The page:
Can Nielsen’s Mobile Measures Disrupt Advertising?

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Oct. 29 (Bloomberg) -- Bloomberg News Managing Editor of company news Tom Giles and Adam Parker, chief U.S. Equity Strategist at Morgan Stanley, discuss the challenges Nielsen faces as it branches out to measuring mobile media viewers and how that may impact advertising dollars in the future. He speaks on Bloomberg Television’s “Bloomberg Surveillance.”

The reality of you and your cell phone -- tech coverage at bloomberg news -- is this a new new for nielsen or sis the same old idea trying to keep up?

Nielsen is trying to keep up.

The tv audience has become so dispersed.

We are watching about tablets, mobile phones, ipods.

Do you triple screen?

I barely singlescreen.

I just moved to new york.

You have it on your tv, you have your laptop open, you are watching clips.

That is a hard audience to measure.

Nielsen is trying to stay up of the times.

They have just started factoring in twitter to the equation.

And now mobile devices.

They have a long way to go.

Think about how many different ways you can watch tv right now.

This is something for nielsen to do, but it will do -- will it shifts the way advertisers will shift their dollars?

Overtime, yes.

The audience is getting bigger and bigger all the time.

A think about the way you watch tv.

You are not just sitting in front of the tv anymore.

Which network when's -- wins?

The networks are aware of the fact that they have an audience everywhere now.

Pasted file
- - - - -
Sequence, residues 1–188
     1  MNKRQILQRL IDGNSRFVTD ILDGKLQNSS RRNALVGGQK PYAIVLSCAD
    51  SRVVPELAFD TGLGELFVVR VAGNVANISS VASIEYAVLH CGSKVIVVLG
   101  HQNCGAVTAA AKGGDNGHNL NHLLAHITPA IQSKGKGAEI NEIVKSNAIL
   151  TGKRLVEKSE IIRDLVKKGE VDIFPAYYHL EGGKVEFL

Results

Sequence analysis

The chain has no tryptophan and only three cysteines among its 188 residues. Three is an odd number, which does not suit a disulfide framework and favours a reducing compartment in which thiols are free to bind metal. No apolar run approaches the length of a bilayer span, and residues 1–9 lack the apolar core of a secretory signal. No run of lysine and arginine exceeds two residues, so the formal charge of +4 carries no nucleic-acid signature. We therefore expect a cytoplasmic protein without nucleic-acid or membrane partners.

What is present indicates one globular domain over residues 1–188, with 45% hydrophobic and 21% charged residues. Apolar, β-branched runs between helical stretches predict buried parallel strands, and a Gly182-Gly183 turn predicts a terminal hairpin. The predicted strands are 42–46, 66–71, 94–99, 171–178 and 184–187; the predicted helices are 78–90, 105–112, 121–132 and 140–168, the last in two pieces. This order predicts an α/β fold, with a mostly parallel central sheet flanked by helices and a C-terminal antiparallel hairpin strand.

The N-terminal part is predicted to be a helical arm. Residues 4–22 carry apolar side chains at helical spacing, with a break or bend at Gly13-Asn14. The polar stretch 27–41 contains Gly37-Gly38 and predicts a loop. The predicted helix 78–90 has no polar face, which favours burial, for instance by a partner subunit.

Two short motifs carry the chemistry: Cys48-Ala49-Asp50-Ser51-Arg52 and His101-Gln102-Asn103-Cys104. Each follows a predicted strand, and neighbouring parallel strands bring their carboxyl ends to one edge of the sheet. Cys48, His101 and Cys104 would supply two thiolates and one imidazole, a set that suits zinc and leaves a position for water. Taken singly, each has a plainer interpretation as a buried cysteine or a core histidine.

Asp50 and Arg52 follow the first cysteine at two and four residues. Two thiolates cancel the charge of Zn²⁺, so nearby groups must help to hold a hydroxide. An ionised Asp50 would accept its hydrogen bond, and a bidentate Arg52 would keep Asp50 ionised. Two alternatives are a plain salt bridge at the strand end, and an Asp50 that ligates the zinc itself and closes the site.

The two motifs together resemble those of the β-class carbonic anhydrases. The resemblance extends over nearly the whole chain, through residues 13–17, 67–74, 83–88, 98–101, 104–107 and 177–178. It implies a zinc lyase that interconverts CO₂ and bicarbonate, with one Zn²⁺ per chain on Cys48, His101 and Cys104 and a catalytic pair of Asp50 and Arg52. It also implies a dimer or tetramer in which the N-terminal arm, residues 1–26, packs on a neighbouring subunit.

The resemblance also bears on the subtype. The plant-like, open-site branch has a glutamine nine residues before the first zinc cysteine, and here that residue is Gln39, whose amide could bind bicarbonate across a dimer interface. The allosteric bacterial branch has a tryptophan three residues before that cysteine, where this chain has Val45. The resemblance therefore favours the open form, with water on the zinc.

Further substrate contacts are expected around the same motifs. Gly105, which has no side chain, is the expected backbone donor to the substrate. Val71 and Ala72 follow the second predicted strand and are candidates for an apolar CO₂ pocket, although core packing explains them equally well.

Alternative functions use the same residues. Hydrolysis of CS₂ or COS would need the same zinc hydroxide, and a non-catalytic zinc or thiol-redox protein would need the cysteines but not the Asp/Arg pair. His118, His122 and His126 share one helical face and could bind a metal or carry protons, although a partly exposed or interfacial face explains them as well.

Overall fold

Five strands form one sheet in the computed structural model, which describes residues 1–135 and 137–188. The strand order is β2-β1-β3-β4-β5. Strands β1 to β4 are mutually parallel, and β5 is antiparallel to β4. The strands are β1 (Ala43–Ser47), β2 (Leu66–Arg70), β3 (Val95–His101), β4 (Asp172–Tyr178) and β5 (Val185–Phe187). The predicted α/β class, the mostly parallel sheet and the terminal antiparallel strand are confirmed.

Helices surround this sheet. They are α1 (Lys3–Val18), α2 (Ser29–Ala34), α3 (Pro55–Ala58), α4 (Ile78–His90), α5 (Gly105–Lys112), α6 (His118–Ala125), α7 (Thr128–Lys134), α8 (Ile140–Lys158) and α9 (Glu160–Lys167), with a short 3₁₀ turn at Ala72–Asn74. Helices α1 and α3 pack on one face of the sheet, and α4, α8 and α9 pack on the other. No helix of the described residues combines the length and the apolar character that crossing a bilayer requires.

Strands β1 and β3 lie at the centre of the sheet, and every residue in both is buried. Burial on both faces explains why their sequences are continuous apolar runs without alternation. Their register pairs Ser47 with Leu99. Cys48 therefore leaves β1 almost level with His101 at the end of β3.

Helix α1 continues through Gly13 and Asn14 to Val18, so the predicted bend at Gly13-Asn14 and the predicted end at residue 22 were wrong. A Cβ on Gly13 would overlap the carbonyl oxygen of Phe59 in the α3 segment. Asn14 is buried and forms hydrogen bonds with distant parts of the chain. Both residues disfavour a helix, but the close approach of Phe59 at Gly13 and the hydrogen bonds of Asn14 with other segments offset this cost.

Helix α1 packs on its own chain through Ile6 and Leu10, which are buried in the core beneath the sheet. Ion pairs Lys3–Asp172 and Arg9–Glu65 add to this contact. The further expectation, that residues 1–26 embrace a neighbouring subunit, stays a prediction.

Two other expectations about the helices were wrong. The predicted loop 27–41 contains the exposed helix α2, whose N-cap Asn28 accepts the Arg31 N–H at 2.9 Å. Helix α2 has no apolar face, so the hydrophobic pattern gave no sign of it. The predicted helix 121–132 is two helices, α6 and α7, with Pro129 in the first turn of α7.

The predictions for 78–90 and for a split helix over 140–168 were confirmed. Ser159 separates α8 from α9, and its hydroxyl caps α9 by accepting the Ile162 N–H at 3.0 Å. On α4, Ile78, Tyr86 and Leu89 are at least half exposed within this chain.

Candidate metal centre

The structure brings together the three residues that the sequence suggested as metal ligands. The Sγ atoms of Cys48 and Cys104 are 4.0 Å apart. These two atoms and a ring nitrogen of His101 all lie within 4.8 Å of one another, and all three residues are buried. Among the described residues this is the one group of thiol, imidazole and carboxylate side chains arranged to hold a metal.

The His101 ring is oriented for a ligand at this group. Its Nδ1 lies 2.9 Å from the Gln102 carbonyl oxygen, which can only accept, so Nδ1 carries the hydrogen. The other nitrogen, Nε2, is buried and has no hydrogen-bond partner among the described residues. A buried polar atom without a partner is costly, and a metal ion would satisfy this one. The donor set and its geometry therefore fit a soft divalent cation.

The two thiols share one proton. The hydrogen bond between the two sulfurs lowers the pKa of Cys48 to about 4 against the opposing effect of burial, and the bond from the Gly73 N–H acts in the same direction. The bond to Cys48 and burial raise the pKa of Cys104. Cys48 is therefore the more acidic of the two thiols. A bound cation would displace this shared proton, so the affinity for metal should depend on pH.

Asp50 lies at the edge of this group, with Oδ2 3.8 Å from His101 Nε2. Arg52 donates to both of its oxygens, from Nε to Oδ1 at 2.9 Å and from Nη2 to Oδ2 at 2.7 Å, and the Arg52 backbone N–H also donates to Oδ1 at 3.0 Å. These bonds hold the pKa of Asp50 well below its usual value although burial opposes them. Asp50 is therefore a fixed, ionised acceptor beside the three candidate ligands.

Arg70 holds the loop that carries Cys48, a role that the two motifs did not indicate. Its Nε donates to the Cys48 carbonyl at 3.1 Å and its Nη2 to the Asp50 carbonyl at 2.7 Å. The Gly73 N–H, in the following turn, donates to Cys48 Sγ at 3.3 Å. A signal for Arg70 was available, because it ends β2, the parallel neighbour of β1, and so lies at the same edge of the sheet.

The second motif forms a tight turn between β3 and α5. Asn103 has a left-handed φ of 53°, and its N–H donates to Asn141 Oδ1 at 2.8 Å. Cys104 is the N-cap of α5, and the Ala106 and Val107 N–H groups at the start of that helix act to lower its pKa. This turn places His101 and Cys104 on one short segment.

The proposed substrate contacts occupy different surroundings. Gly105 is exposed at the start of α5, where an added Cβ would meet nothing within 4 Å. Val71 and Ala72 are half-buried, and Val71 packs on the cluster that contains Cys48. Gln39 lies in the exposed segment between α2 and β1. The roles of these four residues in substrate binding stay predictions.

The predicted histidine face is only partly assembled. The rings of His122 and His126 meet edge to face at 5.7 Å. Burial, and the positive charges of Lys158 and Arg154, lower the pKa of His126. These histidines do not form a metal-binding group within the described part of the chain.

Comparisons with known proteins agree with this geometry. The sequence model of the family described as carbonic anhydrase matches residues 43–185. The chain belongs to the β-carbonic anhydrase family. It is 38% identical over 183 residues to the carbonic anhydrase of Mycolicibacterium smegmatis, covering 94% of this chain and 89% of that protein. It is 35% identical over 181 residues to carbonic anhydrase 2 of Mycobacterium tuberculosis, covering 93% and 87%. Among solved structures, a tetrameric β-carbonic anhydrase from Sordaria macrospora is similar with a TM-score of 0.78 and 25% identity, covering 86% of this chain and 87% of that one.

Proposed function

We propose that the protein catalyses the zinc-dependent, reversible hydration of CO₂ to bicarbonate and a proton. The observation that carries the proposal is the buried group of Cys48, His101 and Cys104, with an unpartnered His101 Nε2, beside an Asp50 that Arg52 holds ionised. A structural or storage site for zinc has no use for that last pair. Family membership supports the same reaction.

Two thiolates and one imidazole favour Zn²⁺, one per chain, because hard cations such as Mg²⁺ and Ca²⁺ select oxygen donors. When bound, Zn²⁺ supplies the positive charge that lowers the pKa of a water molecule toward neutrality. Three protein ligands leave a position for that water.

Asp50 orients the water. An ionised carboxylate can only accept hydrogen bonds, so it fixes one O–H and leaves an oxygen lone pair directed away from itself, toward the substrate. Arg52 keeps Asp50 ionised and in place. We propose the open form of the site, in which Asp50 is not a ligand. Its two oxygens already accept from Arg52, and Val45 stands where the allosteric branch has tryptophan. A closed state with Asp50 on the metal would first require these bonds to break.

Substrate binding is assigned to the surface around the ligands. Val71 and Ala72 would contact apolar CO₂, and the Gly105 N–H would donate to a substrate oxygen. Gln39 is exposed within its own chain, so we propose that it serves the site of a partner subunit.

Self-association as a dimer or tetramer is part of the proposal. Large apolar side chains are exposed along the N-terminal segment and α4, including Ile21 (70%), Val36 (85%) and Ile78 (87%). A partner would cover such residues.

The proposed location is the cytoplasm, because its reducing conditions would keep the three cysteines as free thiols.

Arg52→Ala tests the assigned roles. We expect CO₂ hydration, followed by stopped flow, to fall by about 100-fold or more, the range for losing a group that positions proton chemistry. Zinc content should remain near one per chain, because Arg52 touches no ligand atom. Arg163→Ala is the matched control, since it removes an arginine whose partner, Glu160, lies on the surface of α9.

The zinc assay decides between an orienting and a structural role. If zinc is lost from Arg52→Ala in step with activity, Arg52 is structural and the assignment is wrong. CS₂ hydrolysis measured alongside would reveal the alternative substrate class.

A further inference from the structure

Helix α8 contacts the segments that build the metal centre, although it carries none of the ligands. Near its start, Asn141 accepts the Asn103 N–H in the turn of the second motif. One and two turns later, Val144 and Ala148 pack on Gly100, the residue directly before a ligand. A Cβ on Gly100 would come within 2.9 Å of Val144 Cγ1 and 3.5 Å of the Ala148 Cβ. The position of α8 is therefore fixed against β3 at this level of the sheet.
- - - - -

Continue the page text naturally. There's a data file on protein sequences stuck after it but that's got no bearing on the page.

They are having to package their tv shows differently now.

Sports?

Absolutely.

Netflix, as well.

Adam, i look at tom's world as a hockey stick.

Do you think they're overpriced?

Fast-growing stocks that are cheap underperform fast-growing stocks that are expensive.

When you look at the ones that are growing -- you don't want to say, i don't like stocks that are expensive, if they are fast- growing.

You want to be confident that they will not miss the revenue expectations.

Nielsen does not disrupt that?

Some of them have gotten very expensive.

I hear a lot about 1999 -- when the growth backdrop is low, people will pay a premium for the growth is there as long as they don't miss on revenue.

Back to nielsen, there has always been criticism about nielsen's methods.

Can they do this credibly?

You also have to consider that the mobile views are not even in real-time.

It will not be factored into when you talk you later how much you charge advertisers.

A lot of the mobile viewing is still eight.

They are very much in a game of catch-up.

This is not like calculating "gunsmoke" on sunday night?

Twitter has a big role to play on this too.

They recognize that we are interacting all the time on tv.

You don't watch the world series in a vacuum.

You are looking at what the tweets say about it.

They get that.

And that's with a hook to monetize on.

Good story on nielsen.

Housing have been a bright spot.

What happened?

?

This text has been automatically generated. It may not be 100% accurate.

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